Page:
The highbypass turbofan LEAP engine incorporates lightweight materials like carbon fibercomposite fan blades and ceramicmatrix composite hotsection parts CFM International mdash a GE AviationSnecma joint venture mdash has orders for more than 6000 of the new engines

The high-bypass turbofan LEAP engine incorporates lightweight materials like carbon fiber-composite fan blades and ceramic-matrix composite hot-section parts. CFM International — a GE Aviation/Snecma joint venture — has orders for more than 6,000 of the new engines.

GE Aviation Picks Indiana for New Plant

Over 6,000 orders already 200 jobs by 2020 Advanced, lightweight materials

GE Aviation will build a $100-million assembly plant for jet engines and related aircraft systems in Lafayette, Ind., the manufacturer announced. The 225,000-sq.-ft. operation will assemble the new LEAP engine developed by CFM International, GE’s joint venture with French manufacturer Snecma CFM International.

The engine once referred to as the LEAP-X and now known as the CFM International LEAP is a high-bypass turbofan model that is due for commercial availability in 2016. CFM International has more than 6,000 orders for the engines, which will be installed in several commercial jet models, including the Airbus A320neo, Boeing 737 MAX, and COMAC C919 aircraft.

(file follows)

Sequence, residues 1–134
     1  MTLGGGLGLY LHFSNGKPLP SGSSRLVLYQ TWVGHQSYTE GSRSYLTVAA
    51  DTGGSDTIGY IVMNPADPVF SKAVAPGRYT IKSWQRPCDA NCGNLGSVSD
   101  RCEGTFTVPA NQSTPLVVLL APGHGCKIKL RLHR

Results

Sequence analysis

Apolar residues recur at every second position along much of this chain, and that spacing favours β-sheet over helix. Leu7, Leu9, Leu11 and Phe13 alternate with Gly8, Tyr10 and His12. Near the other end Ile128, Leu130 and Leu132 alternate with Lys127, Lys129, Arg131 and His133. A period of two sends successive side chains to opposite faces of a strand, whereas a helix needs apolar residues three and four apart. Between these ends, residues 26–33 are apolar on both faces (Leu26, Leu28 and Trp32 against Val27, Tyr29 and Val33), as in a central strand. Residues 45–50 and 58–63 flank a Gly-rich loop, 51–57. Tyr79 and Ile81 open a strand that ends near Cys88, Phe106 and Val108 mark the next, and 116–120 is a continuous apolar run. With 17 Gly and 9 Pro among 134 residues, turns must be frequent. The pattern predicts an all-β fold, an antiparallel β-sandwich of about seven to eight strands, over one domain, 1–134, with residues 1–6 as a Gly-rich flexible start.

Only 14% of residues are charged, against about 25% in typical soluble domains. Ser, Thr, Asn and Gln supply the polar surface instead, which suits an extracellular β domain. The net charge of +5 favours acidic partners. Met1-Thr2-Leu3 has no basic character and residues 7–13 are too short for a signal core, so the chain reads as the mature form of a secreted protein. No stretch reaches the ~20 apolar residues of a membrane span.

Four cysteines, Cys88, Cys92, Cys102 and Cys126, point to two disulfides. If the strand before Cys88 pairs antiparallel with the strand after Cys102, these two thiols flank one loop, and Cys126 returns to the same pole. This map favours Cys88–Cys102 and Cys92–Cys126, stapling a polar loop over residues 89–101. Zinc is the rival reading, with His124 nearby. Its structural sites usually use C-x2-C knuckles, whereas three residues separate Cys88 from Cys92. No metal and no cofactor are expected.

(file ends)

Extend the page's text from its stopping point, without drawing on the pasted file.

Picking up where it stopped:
GE Aviation did not indicate its production volumes for new engines to be produced at the new plant.

The new LEAP also is being assembled already at a GE Aviation plant in Durham, N.C. Both these plants will be using parts and sub-assemblies supplied by GE and Snecma operations, and their suppliers around the world.

Among the parts assembled will be carbon fiber-composite fan blades and fan cases (produced by Snecma); fuel nozzles formed by direct metal laser sintering; and hot-section parts produced in ceramic matrix composite, representing a significant technology breakthrough for GE and the jet propulsion industry.

The LEAP is undergoing development testing now, and GE indicated that as production of the engine and its hot section (compressor, combustor, high-pressure turbine) ramps up, the new plant could have more than 200 workers within five years.

"We are thrilled by the airline industry's enthusiasm for the new LEAP engine and its groundbreaking technologies," stated David Joyce, president and CEO of GE Aviation. "Beginning in 2015, the LEAP engine will experience a dramatic production ramp-up for the remainder of the decade. We are grateful to the entire Indiana team for ensuring that our Lafayette assembly plant will be soon up and running."

GE Aviation has announced seven new plants in the U.S. in past seven years, a series of investments estimated to be worth more than $3.5 billion.

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